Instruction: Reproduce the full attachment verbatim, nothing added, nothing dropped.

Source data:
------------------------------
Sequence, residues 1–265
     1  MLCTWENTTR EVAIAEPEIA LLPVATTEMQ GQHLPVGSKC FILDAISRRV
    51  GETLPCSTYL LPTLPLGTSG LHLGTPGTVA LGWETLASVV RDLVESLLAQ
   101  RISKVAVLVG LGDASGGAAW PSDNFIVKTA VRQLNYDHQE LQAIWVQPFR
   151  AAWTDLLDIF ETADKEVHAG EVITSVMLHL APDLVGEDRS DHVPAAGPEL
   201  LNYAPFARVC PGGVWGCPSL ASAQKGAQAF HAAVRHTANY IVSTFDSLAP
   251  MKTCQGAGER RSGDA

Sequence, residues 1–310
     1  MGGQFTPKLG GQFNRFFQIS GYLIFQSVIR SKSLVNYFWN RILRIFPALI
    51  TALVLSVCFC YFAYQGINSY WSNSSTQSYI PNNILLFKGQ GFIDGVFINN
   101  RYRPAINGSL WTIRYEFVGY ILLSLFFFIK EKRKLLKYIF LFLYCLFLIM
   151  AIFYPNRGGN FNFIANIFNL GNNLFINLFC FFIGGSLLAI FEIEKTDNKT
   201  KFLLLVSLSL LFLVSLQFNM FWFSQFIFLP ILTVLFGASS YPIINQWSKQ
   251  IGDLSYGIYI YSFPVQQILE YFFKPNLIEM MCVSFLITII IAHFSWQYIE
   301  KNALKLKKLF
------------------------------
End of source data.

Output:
Sequence, residues 1–265
     1  MLCTWENTTR EVAIAEPEIA LLPVATTEMQ GQHLPVGSKC FILDAISRRV
    51  GETLPCSTYL LPTLPLGTSG LHLGTPGTVA LGWETLASVV RDLVESLLAQ
   101  RISKVAVLVG LGDASGGAAW PSDNFIVKTA VRQLNYDHQE LQAIWVQPFR
   151  AAWTDLLDIF ETADKEVHAG EVITSVMLHL APDLVGEDRS DHVPAAGPEL
   201  LNYAPFARVC PGGVWGCPSL ASAQKGAQAF HAAVRHTANY IVSTFDSLAP
   251  MKTCQGAGER RSGDA

Sequence, residues 1–310
     1  MGGQFTPKLG GQFNRFFQIS GYLIFQSVIR SKSLVNYFWN RILRIFPALI
    51  TALVLSVCFC YFAYQGINSY WSNSSTQSYI PNNILLFKGQ GFIDGVFINN
   101  RYRPAINGSL WTIRYEFVGY ILLSLFFFIK EKRKLLKYIF LFLYCLFLIM
   151  AIFYPNRGGN FNFIANIFNL GNNLFINLFC FFIGGSLLAI FEIEKTDNKT
   201  KFLLLVSLSL LFLVSLQFNM FWFSQFIFLP ILTVLFGASS YPIINQWSKQ
   251  IGDLSYGIYI YSFPVQQILE YFFKPNLIEM MCVSFLITII IAHFSWQYIE
   301  KNALKLKKLF